Payne D.C.,National Center for Immunization and Respiratory Diseases |
Payne D.C.,Centers for Disease Control and Prevention |
Alqasrawi S.,Communicable Diseases Directorate |
Al Nsour M.,A+ Network |
And 40 more authors.
Journal of Infectious Diseases | Year: 2014
We conducted an epidemiologic investigation among survivors of an outbreak of Middle East respiratory syndrome coronavirus (MERS-CoV) infection in Jordan. A second-trimester stillbirth occurred during the course of an acute respiratory illness that was attributed to MERS-CoV on the basis of exposure history and positive results of MERS-CoV serologic testing. This is the first occurrence of stillbirth during an infection with MERS-CoV and may have bearing upon the surveillance and management of pregnant women in settings of unexplained respiratory illness potentially due to MERS-CoV. Future prospective investigations of MERS-CoV should ascertain pregnancy status and obtain further pregnancy-related data, including biological specimens for confirmatory testing. © 2014 The Author 2014.
Leventhal A.,Ministry of Health |
Leventhal A.,Hebrew University of Jerusalem |
Ramlawi A.,Bank of The West |
Belbiesi A.,Jordan Ministry of Health |
And 5 more authors.
Emerging Health Threats Journal | Year: 2013
Formed before international negotiations of the revised International Health Regulations (IHR), the Middle East Consortium for Infectious Disease Surveillance (MECIDS) is a regional collaboration aimed at facilitating implementation of the revised IHR and, more broadly, improving the detection and control of infectious disease outbreaks among neighboring countries in an area of continuous dispute. Initially focused on enhancing foodborne disease surveillance, MECIDS has expanded the scope of its work to also include avian and pandemic influenza and other emerging and re-emerging infectious diseases. Here, we describe the history and governance of MECIDS, highlighting key achievements over the consortium's seven-year history, and discuss the future of MECIDS. © 2013 Alex Leventhal et al.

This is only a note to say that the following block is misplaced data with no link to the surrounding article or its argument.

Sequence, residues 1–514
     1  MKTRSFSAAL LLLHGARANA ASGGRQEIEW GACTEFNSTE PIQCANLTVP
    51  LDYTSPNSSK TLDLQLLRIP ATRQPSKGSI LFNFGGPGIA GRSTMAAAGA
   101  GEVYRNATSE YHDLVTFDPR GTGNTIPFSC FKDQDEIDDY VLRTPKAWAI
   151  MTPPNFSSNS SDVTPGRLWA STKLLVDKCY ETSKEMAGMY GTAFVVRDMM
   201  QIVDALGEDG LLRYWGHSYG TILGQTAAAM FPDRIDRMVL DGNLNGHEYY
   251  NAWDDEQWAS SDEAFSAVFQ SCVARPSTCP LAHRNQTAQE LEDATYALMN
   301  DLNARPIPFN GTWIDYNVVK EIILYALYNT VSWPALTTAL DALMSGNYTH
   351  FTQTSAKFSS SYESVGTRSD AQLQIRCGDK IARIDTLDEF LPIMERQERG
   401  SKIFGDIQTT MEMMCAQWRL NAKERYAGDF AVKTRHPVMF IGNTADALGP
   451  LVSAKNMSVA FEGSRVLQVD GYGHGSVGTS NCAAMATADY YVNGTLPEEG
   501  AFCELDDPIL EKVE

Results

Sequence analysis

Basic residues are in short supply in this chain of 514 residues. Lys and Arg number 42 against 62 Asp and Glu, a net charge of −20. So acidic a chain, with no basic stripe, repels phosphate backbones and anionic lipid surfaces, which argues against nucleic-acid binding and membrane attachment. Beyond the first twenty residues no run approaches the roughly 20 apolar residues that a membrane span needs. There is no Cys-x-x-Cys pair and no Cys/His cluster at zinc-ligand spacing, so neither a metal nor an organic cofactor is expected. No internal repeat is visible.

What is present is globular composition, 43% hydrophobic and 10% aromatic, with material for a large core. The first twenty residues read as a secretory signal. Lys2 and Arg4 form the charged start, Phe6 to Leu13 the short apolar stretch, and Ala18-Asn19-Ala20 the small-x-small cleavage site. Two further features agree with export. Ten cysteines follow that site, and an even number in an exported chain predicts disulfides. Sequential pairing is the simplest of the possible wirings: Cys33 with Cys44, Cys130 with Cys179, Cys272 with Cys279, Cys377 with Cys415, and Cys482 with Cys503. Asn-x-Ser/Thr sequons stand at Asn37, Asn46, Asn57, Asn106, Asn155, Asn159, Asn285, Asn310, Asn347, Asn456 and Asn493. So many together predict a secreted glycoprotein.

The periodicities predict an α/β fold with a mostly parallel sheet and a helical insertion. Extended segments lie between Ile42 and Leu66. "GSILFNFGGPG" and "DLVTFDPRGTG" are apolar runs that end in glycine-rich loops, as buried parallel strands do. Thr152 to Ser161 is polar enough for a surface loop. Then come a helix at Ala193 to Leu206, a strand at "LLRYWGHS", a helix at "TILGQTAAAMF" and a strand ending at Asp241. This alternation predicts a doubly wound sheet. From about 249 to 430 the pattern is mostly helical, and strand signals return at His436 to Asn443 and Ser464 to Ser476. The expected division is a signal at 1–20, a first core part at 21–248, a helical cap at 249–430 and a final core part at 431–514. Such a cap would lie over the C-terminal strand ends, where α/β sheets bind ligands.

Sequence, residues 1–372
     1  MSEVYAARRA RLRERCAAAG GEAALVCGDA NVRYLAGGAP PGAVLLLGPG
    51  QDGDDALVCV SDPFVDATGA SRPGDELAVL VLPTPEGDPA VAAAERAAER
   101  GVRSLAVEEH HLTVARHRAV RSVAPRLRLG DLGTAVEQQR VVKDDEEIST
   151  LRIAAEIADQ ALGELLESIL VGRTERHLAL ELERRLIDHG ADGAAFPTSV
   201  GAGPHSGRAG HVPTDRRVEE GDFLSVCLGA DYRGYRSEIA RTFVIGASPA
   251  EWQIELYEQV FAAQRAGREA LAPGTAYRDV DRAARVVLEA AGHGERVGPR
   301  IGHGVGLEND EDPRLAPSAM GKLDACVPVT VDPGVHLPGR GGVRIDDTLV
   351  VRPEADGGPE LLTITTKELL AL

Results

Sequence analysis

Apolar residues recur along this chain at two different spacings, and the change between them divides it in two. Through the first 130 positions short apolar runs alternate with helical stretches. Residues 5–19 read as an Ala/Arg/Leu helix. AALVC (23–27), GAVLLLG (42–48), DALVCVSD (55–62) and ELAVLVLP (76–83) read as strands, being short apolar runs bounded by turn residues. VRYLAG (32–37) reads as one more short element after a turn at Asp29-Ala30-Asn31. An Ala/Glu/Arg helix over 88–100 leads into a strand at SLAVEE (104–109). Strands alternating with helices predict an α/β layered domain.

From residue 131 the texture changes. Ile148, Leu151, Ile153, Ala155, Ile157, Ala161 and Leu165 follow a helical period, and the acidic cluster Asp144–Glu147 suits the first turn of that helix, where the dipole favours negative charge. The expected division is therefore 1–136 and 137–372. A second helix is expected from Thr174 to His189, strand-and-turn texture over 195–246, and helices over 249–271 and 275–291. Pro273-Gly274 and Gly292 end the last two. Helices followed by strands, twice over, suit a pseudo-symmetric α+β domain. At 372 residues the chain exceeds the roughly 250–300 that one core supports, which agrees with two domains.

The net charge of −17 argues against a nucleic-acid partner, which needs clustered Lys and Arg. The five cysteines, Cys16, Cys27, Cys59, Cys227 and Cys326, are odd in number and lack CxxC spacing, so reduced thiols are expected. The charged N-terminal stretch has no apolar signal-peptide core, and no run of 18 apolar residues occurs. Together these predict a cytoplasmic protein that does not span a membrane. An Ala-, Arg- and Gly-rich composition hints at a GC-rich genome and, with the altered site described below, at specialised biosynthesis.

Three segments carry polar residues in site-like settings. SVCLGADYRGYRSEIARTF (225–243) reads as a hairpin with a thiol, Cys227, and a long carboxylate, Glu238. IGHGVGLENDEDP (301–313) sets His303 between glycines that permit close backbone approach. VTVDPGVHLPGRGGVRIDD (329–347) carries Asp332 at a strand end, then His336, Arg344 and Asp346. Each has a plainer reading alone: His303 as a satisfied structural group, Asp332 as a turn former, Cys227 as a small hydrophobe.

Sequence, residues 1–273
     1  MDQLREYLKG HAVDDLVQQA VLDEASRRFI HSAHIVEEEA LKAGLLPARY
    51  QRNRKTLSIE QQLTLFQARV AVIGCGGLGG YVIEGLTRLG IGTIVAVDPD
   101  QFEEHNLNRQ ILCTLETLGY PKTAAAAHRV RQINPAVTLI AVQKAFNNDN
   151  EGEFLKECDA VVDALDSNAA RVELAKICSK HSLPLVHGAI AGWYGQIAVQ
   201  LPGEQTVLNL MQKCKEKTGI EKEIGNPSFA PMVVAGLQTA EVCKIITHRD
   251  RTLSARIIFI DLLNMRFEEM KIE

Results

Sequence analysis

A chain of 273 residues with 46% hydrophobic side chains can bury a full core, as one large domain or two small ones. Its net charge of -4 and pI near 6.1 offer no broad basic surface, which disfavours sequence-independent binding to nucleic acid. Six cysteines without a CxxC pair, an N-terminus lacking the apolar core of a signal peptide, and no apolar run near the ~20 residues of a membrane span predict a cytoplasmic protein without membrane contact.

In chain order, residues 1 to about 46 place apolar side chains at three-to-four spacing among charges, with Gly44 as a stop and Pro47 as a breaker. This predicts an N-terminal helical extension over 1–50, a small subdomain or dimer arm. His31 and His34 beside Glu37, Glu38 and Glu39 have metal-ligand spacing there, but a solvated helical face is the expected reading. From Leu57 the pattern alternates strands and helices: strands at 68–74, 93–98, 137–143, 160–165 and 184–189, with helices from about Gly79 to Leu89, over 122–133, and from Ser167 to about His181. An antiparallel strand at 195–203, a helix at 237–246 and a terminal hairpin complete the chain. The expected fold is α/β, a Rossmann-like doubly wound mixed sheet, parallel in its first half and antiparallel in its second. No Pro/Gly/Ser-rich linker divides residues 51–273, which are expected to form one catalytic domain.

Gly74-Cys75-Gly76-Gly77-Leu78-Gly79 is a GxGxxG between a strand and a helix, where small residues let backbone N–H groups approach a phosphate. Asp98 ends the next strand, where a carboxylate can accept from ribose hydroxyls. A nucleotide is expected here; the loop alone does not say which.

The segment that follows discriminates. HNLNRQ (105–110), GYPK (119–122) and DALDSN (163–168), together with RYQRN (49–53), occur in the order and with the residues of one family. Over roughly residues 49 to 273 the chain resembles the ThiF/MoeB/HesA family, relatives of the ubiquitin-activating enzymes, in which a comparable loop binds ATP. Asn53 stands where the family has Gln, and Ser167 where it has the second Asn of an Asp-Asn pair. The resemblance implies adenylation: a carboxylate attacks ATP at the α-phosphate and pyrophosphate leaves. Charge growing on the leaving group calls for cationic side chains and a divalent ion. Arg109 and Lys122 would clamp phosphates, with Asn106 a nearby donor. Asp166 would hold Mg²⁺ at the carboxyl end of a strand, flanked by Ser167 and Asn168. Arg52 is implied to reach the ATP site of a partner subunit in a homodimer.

Lamers M.M.,Erasmus Medical Center |
Raj V.,Erasmus Medical Center |
Shafei M.,Jordan Ministry of Health |
Ali S.S.,Jordan Ministry of Health |
And 9 more authors.
Emerging Infectious Diseases | Year: 2016
We characterized Middle East respiratory syndrome coronaviruses from a hospital outbreak in Jordan in 2015. The viruses from Jordan were highly similar to isolates from Riyadh, Saudi Arabia, except for deletions in open reading frames 4a and 3. Transmissibility and pathogenicity of this strain remains to be determined. © 2016, Centers for Disease Control and Prevention (CDC). All rights reserved.